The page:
Of course, most of the places I’m looking are online.
This is intentional of course. Fear is what our brains are wired for. Someone without fear likely doesn’t live very long. Fear keeps us safe.
What about when safety isn’t the goal?
Does fear keep us healthy?
Does fear keep us excited?
Does fear keep us happy?
Does fear keep us free?
Does fear keep us connected?
The answer to those are highly dependent on the situation, but in general, for all of them, I would say, “No. Not as a general rule.”
Fear keeps us distracted, focused on items someone else wants us to worry about, but not our own opportunities, our own happiness, our own lives.
The ironic part is that having this conversation with certain individuals, it becomes clear that when they think they are living without fear, they are simply living with a different fear.
Here’s a recent example:
Vaccines. A group I know is telling people to stop living in fear of the coronavirus. We don’t need the vaccine. These same people have their attention captured by the fear of the vaccine and big government. It’s a different fear than those who are worried about the health aspect, but a fear nonetheless. Breaking this wheel of fear is a major part of leadership. History has had trying times before, but we also had leaders. People who weren’t in feedback loops listening to polls and social media comments. People who were trying to steer instead of surfing on the popular sentiment. I won’t pretend to act as if I know the solution to the predicament mentioned, merely that both sides are presenting opposing fears that fight each other.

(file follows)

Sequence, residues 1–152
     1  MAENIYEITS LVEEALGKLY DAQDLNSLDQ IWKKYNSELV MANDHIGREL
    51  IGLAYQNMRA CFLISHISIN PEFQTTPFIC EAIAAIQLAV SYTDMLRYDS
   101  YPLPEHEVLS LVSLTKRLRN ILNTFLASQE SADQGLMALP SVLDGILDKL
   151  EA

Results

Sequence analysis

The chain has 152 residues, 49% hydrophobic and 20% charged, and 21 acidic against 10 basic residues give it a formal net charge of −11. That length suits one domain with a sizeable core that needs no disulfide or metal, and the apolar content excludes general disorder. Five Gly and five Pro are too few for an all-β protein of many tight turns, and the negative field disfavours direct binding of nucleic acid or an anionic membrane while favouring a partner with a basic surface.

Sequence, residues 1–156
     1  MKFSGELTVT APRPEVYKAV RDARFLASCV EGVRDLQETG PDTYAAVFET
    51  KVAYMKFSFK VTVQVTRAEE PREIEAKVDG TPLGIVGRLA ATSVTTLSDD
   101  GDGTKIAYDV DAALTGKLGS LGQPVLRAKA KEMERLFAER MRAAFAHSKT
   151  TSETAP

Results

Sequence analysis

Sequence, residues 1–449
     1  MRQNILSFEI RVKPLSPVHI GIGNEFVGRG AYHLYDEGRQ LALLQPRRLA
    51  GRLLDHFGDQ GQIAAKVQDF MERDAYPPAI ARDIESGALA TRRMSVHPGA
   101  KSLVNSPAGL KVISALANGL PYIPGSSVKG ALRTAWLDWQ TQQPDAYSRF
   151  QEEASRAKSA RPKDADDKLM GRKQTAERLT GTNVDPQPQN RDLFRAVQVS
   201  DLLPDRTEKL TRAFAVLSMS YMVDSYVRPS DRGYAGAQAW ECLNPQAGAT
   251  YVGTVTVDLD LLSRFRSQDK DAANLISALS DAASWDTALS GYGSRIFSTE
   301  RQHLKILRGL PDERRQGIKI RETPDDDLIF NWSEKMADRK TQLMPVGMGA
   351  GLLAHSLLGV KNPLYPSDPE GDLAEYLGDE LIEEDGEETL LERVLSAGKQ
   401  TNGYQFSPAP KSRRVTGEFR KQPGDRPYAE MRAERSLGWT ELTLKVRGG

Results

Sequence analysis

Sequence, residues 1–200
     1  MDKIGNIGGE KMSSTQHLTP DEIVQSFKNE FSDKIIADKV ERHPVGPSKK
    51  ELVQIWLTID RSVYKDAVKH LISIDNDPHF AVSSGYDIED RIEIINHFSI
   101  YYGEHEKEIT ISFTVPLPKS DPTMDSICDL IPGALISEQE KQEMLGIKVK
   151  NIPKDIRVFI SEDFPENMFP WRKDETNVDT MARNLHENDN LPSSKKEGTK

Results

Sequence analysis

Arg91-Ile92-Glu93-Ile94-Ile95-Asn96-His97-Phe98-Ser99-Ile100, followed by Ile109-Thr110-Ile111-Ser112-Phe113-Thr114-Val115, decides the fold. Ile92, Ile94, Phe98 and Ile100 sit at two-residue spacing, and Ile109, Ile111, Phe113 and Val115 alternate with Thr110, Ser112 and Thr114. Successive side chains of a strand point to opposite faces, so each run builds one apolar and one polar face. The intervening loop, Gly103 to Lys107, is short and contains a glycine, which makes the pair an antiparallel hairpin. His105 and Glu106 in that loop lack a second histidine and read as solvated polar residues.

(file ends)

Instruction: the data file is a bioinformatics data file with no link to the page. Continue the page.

The Great Depression was a trying time. I recently read FDR’s first inaugural address and am in awe of how much of this needs to be repeated today, just as we are reaching the point in time that just about everyone who was alive when he said it is gone.
“…the only thing we have to fear is fear itself.” is true more now than ever. If we could cast aside the fears, then perhaps we could talk. When both sides think that giving in means the literal end, no real conversation can be had. Fear stops the solutions. I’m not sure what to do about it, but one thing is for certain, we need inspiration now more than ever. The difference between FDR’s era and today, is that you don’t need to be president to call for unity. Everyone can do it in their own micro-communities.
P.S. I highly recommend reading the 1st inaugural address of FDR yourself: https://www.americanrhetoric.com/speeches/fdrfirstinaugural.html